Often I hear from clients that they want a lot of web traffic, that if only they had the traffic, some random percentage would convert to sales.  That is true to an extent but wouldn’t you rather have 50 customers, over 1,000 visitors?  When optimizing for the search engines it is possible to evaluate which keywords are of most value, and through ongoing optimization of a site you can achieve fantastic conversion rates without needing huge traffic volume.

I am a small business SEO, so right off the bat I am at the disadvantage that a lot of the articles you read apply to much larger enterprise level businesses.  I chose to be a small business SEO because I believe in the small businesses value to America, and because often the small business is in greater need than the larger business with a huge built in marketing budget.  When I get your small business onto page one of Google, that is an accomplishment when you consider how many people are linking to these larger name brands.  That one small local business stands out, and the hits they get from being there quickly turn into sales.

Let’s use the example of “san antonio medical text books”.  I don’t have a client that sells medical texts, but let’s assume I did, and I optimized for phrases related to medical text books.  I could target ‘book store’ I could target ‘text book’ I could target a pretty wide variety of subjects, but how likely is a person searching for ‘book store’ going to need my medical text books?  The traffic may come, the site may get hits, but the conversion rate would hardly be noticeable because these terms are related, but not necessarily supportive of the goal of our site.

This is why Keyword Research is so important, and it pains me to see the web sites designed BEFORE any kind of SEO or Keyword Research has been done.  When you put the SEO as an afterthought to the development of your site, you have to work backwords, and as any business owner can attest to, no one wants to pay for the same work twice.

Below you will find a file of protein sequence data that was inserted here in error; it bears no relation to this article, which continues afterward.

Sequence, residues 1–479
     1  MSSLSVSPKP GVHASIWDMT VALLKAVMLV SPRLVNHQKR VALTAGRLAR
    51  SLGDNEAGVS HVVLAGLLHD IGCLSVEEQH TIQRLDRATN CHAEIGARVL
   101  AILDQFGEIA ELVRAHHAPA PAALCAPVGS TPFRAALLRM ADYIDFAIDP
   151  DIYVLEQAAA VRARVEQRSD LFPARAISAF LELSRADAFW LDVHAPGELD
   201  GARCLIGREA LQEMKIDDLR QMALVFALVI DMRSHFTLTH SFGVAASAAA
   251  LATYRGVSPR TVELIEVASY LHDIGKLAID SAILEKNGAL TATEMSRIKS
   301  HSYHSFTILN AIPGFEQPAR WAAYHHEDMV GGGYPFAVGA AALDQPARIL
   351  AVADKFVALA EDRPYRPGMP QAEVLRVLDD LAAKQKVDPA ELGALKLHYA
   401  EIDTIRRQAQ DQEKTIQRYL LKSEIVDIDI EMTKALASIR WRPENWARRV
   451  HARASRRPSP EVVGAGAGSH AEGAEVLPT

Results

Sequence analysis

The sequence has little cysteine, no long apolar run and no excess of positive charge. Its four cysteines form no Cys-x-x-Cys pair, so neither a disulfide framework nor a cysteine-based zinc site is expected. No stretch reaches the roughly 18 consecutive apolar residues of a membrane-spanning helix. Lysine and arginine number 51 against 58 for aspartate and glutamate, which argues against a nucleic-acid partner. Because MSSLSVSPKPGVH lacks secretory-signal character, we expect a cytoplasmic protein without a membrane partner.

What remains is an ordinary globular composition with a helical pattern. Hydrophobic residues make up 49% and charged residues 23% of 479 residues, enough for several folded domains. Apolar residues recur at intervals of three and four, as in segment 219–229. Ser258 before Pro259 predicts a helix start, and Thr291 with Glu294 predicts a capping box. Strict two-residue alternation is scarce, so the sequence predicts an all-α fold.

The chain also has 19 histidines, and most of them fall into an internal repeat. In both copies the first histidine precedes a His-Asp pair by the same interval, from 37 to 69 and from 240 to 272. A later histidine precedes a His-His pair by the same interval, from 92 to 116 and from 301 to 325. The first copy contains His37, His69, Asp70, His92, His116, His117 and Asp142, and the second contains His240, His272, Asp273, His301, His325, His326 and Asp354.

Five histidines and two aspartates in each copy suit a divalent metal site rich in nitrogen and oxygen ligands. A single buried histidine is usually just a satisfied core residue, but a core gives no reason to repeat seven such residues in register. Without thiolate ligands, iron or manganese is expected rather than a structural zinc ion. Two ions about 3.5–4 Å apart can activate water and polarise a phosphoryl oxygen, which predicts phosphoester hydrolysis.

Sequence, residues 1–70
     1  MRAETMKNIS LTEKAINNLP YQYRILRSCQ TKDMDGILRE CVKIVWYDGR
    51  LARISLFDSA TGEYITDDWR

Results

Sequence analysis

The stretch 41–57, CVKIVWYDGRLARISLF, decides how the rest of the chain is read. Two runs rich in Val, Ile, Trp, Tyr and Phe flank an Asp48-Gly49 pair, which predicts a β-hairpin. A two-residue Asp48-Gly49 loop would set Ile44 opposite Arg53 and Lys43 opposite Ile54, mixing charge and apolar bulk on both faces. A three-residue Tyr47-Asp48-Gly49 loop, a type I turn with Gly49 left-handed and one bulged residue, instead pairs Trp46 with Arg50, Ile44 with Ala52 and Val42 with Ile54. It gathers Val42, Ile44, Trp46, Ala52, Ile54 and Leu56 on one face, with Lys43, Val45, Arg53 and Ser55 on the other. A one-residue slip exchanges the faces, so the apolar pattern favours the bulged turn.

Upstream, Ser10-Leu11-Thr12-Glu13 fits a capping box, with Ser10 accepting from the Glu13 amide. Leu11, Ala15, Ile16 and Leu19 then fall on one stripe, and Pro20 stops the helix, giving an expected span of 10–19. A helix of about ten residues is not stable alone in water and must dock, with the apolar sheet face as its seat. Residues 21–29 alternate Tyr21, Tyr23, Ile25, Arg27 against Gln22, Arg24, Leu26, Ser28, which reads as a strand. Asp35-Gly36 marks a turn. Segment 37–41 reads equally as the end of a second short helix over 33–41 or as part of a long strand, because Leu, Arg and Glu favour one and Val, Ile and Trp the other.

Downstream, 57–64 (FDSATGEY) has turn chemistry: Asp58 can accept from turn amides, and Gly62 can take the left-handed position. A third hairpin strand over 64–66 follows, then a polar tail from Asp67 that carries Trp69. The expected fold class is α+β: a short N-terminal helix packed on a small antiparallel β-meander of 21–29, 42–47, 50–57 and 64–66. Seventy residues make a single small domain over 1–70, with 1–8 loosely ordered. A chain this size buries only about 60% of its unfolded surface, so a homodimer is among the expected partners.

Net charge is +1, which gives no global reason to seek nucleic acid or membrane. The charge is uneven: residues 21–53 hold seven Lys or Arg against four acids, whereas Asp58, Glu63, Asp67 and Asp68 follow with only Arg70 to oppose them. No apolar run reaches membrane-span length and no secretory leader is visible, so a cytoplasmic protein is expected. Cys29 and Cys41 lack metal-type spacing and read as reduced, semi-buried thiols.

So once again, our friend the Google Keyword Tool comes into play, and we sit down with the phrases we feel will generate sales.  On average I try and build a list of 5 or 6 keywords that are related and can be worked into site content without much issue.  For the most part, small businesses live or die by a single keyword and you start by making an educated guess about which keyword that is, and then follow the search volume over time to attach value to each keyword.

Ryan Kelly from @PearAnalytics makes a product called SiteJuice which we’ve talked about before.  SiteJuice assigns value to each of your keywords, and Ryan tells me that in future versions of SiteJuice you’re going to be able to assign specific value based on your industry to those keywords.  So just because you come up under “san antonio book store” doesn’t mean the value is there that you’d want targeting “san antonio medical text books”.  I’m really excited to see the progress there as that will make tracking the value of these keywords that much easier.

What are your top performing keywords?  Do you even know?  Contact an optimizer near you and tell them you want an hour of their time to talk about your existing analytics.  See what they can tell you about your best performing search terms and see if you can better target those phrases.  At the end of the day, you don’t just want big numbers in the visitors column, you want a hige conversion rate, and targeting the RIGHT keywords is the way to get there.